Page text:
May 08, 2006
Alan Wolfe: What the immigration debate tells us about who Americans are, and who they want to be.
February 06, 2006
JUST WHEN YOU thought the world couldn’t get any more anti-American, it seems a whole other continent has suddenly lined up against us. While we turned our backs to focus on the Middle East, Latin America went and painted itself red. Last week, Evo Morales—an admirer of Fidel Castro, as well as a proponent of nationalizing industry and decriminalizing coca production— ascended to the Bolivian presidency. Most press accounts portray his election as part of a Latin American socialist revival. These stories point out that Morales’s political mentor, Venezuelan President Hugo Chávez, may soon have
January 16, 2006
A battered yellow school bus rumbles up a bumpy dirt road on the outskirts of Sasabe, a small Mexican town just over the border from Arizona. At the top of the hill, the bus winds around brick and mud huts. Ragged children stand in the doorways, and emaciated dogs forage for scraps. The bus passes dented pickups and old cars without wheels and stops in a dusty clearing, where it disgorges about 40 teenagers dressed in blue jeans and carrying small knapsacks. One boy’s t-shirt features a picture of Che Guevara. A girl’s pale blue top says ADORABLE in sequined letters.
January 15, 2006
John B. Judis: What Arizona teaches us about immigration in America.
The End of the Affair
January 24, 2005
The Life of Graham Greene Volume III: 1955-1991 By Norman Sherry (Viking, 906 pp., $39.95) I. In William Golding's wittily acerbic novel The Paper Men, the famous English novelist Wilfred Barclay is doggedly pursued by a young American professor of English, Rick L. Tucker, who sees him as the perfect vehicle for the creation of a dazzling academic career. From party to party, from country to country, impervious to rebuffs, irrepressible and indefatigable, Tucker stalks his quarry.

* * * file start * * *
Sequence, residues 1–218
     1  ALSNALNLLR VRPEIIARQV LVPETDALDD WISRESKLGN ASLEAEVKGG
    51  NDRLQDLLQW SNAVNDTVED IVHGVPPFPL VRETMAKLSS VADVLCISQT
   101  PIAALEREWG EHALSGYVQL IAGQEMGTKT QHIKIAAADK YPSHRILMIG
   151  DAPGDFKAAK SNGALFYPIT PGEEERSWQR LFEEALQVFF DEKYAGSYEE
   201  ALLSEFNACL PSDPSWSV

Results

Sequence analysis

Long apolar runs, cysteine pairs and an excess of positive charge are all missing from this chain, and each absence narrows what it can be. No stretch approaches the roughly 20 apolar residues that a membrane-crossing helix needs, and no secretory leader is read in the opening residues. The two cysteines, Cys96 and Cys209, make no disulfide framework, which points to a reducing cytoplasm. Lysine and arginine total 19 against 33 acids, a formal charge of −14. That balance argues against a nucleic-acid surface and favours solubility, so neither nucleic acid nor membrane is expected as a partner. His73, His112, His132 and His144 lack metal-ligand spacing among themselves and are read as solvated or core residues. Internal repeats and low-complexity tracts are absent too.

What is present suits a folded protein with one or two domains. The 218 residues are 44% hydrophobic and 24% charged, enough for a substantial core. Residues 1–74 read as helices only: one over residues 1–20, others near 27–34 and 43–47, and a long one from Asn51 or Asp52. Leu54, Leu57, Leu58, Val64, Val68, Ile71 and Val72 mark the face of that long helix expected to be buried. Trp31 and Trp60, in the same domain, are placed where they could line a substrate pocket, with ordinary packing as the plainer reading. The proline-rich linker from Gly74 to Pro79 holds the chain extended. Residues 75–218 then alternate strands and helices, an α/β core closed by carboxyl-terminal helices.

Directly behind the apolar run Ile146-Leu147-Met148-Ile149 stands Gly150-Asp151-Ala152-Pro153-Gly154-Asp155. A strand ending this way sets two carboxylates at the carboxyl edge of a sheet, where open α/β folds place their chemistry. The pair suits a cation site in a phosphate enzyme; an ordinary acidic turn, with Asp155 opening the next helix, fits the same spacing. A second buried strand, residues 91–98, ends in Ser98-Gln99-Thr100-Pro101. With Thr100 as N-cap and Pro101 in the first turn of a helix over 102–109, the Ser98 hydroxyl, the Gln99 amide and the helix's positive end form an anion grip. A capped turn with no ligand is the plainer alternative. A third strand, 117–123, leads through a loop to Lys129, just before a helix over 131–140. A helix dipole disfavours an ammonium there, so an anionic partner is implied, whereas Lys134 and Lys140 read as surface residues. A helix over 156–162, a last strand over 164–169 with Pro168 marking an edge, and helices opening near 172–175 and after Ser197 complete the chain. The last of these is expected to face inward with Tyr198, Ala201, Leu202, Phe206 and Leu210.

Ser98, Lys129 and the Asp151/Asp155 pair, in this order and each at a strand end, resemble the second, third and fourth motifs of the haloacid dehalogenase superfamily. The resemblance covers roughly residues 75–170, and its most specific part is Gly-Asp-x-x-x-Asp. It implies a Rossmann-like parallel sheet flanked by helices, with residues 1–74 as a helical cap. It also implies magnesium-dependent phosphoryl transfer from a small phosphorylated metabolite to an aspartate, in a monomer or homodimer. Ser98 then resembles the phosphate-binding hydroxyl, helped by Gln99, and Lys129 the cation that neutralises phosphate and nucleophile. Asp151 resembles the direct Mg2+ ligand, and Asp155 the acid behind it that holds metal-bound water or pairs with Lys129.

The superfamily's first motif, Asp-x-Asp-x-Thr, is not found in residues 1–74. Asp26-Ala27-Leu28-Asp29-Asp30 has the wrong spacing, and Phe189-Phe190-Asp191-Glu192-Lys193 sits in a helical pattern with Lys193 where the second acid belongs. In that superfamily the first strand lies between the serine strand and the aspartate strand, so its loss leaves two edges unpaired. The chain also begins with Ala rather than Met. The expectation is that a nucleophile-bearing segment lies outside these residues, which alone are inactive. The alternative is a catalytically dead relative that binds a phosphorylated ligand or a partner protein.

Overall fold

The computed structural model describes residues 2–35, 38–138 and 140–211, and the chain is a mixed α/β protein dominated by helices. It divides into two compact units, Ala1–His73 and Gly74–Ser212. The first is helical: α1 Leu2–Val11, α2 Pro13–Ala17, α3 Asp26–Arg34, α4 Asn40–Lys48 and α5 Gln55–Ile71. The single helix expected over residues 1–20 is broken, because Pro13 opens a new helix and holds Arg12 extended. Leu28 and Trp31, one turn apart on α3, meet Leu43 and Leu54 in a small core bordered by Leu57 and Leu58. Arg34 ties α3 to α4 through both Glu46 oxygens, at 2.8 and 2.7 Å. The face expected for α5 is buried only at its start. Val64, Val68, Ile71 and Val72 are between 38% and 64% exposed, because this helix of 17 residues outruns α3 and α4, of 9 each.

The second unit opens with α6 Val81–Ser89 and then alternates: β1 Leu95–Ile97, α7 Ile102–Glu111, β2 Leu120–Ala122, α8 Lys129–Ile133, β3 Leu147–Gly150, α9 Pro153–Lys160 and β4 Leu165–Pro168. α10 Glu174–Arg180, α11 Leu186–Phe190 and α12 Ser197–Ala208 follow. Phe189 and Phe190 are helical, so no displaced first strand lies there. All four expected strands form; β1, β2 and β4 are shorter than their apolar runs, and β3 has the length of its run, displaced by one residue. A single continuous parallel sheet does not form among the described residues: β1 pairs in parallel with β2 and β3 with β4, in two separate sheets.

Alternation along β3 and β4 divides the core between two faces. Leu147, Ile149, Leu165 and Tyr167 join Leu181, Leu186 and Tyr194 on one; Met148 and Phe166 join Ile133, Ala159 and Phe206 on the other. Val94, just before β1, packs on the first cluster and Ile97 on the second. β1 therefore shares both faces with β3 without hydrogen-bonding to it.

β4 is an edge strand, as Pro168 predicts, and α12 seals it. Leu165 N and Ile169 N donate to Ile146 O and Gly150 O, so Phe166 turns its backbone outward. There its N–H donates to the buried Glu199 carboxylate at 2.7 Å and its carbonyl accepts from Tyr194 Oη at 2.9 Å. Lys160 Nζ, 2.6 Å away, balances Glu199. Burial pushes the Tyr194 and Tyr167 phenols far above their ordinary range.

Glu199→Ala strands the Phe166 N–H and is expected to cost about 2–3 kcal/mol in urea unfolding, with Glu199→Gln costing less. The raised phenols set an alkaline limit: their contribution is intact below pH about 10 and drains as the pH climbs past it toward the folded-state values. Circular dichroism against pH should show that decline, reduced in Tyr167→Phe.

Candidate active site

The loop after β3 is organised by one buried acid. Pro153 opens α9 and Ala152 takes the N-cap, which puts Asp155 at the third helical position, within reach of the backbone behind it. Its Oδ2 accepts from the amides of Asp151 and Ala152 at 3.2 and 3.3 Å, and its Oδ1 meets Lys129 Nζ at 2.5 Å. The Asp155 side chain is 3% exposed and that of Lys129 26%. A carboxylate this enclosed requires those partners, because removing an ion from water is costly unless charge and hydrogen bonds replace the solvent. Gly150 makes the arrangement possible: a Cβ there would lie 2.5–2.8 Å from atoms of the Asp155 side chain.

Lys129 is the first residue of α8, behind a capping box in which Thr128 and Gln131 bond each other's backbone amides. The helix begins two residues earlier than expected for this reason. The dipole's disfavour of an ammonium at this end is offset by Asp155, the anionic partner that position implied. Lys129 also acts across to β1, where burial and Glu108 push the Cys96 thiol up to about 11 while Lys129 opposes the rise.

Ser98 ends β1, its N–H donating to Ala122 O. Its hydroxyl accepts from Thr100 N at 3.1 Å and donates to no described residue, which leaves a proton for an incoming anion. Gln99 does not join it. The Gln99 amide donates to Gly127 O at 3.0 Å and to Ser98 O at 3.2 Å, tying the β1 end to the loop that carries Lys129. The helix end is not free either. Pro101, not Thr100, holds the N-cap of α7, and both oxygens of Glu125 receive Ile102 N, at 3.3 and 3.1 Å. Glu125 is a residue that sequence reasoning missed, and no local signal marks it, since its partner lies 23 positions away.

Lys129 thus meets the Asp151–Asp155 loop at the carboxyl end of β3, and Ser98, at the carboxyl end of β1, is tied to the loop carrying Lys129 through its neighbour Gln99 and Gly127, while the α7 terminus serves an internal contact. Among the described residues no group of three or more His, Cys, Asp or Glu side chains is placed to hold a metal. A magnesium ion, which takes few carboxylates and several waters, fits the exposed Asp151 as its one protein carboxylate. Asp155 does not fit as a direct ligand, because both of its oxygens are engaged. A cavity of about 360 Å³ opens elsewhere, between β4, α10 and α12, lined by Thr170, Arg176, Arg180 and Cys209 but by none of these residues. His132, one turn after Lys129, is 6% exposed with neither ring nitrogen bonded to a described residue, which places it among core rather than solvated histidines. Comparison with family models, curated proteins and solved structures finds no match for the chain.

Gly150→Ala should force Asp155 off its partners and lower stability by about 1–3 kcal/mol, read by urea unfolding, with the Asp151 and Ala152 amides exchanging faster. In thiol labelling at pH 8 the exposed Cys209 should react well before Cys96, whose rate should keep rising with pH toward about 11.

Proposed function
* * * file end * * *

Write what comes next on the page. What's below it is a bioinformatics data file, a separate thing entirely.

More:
March 22, 2004
AT JANUARY’S SUMMIT of the Americas in Mexico, a gathering of nearly every nation in North and South America, President Bush took his push for democratization to the United States’ backyard. "At past summits, we resolved that democracy is the only legitimate form of government in this hemisphere and that the peoples of the Americas have an obligation to promote it and defend it, " Bush said.
Birds and Others
April 21, 2003
The statistics are staggering. Winged Migration, a French documentary about birds in flight, took four years to make. It employed, as it proceeded, a total crew of four hundred fifty. It was shot in a global variety of places-or over them, rather-to capture the four principal migration routes: those used by North American birds, European and Asian birds, Asian birds, and Southeast Asian birds. Needed for the cinematography were gliders and model gliders, helicopters and model ones, light motorized aircraft, and balloons.
February 11, 2002
The Feast of the Goat by Mario Vargas Llosa translated by Edith Grossman (Farrar, Straus & Giroux, 404 pp., $25) "There are no limits to deterioration: it can always be worse." This observation by Alejandro Mayta, the disenchanted guerrilla fighter of Mario Vargas Llosa's novel The Real Life of Alejandro Mayta, who returns to his birthplace after many years, freed of ghosts but devoid of hope, came to mind in March, 1990.
Jed Perl on Art: South by Southwest
September 24, 2001
Donald Judd had his share of staunch supporters. But you are likely to meet with skeptical responses if you announce that you are captivated by his magnum opus, a composition consisting of one hundred aluminum boxes that is the linchpin of the Chinati Foundation in Marfa, Texas. Chinati is where the sculptor made a permanent home for the frequently large-scale work that interested him and some of the contemporary artists whom he admired. It has an eccentric, off-the-beaten-track kind of grandeur that rubs some people the wrong way. The austere forms that Judd (who died in 1994) arranged in and